“We’re going to work through this process. We have seen the Interior’s announcement and filing on which we have no further comment,” Trumble said by email.

Republican Gov. Mike Dunleavy, a persistent critic of President Joe Biden’s administration, said in reaction to the decision that Haaland “killed the King Cove Road.”

“While she claims she wants to consider alternative land exchanges, that will push the entire process back to square one and place the lives of King Cove residents at risk today,” said Dunleavy, who accompanied Haaland during her April 2022 visit to King Cove. “The fact is her decision to halt the land swap increases the likelihood that a resident in King Cove won’t be able to receive life-saving medical treatment in time due to bad weather at the village’s airstrip.”

King Cove community leaders attribute 18 deaths to the lack of road access between King Cove and Cold Bay, either due to plane crashes or an inability to reach timely medical treatment. They reported that since 2013, there have been 208 medical evacuations from King Cove to Anchorage.

The announcement came on the heels of the Interior Department’s decision Monday to approve the massive Willow oil development on Alaska’s North Slope, marking two significant decisions impacting the state from the Biden administration in as many days.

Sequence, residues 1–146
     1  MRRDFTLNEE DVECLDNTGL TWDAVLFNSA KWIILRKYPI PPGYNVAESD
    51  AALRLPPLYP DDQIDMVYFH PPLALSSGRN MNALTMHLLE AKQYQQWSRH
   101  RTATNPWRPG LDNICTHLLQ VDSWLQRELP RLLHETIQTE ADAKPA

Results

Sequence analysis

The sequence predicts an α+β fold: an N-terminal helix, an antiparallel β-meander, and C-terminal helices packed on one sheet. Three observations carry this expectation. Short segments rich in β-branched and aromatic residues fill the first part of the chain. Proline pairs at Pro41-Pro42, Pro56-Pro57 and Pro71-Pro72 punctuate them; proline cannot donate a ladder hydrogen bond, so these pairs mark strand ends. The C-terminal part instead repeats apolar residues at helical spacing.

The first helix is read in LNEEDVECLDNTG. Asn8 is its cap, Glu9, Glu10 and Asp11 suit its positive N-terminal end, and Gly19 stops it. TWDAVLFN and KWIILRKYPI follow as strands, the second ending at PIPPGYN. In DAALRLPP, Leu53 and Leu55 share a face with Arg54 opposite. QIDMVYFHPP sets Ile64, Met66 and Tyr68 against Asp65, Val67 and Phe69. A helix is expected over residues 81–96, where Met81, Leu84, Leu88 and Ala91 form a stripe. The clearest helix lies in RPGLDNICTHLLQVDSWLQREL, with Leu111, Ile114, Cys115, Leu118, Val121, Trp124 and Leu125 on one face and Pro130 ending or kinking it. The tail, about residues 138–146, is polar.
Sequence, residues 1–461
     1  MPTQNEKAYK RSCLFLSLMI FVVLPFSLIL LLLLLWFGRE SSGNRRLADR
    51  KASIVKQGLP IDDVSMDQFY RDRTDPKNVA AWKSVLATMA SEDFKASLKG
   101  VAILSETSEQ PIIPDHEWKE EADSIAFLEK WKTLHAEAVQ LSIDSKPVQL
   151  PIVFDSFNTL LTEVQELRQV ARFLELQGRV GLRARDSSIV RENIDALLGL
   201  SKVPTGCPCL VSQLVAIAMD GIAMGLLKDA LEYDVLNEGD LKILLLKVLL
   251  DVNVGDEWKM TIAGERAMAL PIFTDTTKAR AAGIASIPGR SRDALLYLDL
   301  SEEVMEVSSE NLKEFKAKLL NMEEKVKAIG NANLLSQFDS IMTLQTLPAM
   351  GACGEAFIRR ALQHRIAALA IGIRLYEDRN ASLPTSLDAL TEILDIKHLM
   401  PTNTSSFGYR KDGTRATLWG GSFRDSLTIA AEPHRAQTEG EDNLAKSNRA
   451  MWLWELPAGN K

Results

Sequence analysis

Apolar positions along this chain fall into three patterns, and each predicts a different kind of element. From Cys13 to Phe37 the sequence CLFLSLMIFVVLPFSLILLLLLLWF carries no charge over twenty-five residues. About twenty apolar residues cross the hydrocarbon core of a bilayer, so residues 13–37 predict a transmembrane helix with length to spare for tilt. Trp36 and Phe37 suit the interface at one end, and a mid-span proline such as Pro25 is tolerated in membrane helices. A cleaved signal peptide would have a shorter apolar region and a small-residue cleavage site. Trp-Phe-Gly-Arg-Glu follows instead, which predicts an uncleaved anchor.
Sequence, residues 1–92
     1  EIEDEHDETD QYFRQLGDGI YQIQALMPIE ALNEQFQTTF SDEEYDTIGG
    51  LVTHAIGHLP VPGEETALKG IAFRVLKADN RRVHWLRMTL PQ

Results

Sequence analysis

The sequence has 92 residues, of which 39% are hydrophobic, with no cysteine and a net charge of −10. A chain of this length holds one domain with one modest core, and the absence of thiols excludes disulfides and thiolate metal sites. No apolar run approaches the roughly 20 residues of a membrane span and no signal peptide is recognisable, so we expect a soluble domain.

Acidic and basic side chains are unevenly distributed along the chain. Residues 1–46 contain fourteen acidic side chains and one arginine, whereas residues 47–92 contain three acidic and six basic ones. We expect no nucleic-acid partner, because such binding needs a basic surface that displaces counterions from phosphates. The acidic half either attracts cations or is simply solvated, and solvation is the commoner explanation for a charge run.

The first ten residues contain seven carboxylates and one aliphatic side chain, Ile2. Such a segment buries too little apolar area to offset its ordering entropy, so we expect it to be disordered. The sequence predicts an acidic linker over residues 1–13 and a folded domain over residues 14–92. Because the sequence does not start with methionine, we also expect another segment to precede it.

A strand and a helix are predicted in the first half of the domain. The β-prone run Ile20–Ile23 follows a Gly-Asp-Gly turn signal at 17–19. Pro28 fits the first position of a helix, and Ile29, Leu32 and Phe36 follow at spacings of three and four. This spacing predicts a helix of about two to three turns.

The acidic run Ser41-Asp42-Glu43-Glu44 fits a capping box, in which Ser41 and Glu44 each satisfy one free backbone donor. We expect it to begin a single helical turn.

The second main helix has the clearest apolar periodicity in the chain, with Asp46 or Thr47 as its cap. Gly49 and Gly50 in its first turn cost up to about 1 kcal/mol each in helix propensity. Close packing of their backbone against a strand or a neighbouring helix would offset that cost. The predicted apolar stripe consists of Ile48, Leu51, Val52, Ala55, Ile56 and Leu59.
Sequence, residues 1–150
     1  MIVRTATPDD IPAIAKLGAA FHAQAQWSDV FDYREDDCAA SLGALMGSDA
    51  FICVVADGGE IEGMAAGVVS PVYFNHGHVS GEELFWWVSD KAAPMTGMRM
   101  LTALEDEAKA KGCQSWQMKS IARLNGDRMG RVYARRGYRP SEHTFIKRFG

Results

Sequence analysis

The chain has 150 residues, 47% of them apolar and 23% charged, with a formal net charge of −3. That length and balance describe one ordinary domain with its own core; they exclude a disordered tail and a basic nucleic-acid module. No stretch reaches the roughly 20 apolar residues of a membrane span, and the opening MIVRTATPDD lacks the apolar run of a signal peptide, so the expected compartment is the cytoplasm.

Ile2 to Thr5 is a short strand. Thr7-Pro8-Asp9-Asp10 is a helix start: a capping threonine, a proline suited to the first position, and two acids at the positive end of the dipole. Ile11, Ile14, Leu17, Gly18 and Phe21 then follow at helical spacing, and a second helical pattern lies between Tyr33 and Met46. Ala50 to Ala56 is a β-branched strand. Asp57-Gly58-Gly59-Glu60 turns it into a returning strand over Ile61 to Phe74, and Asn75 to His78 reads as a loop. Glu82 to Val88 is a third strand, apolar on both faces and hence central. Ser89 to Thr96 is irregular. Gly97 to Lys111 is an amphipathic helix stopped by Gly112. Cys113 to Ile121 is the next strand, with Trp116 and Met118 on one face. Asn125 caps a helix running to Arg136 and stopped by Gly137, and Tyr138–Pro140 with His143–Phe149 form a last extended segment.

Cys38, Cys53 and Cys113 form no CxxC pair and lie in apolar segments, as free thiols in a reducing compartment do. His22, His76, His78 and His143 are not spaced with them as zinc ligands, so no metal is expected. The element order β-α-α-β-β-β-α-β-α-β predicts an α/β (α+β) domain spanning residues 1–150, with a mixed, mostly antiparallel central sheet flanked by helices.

Alaska Republican Sen. Dan Sullivan said in a prepared statement that he thinks this is the “latest act in Secretary Haaland’s disingenuous playbook,” telling Alaskans that she supports something but then delaying it for years so it doesn’t happen.

“Almost all of these issues — like so much of the war on Alaska emanating from the Biden Administration — are driven by radical Lower 48 environmental interests, not by Alaskans or the Alaska Native people who’ve lived in our state for thousands of years,” Sullivan said.

Andy Moderow, senior director of policy at the Alaska Wilderness League, said the group is “grateful that Secretary Haaland took action today to protect the Izembek National Wildlife Refuge against an improper, Trump-era land exchange.”

He said his group late Monday had not seen a statement saying Haaland supports the road, but that the group understands that Haaland is leaving open the possibility of a land exchange that could lead to a road in the future.

The group is hopeful that following a review, Haaland will reject a land exchange, just as the Obama administration did in 2013 after a review during that era.

”We’re excited because reconsideration is better than the flawed exchange” approved under the Trump administration, he said.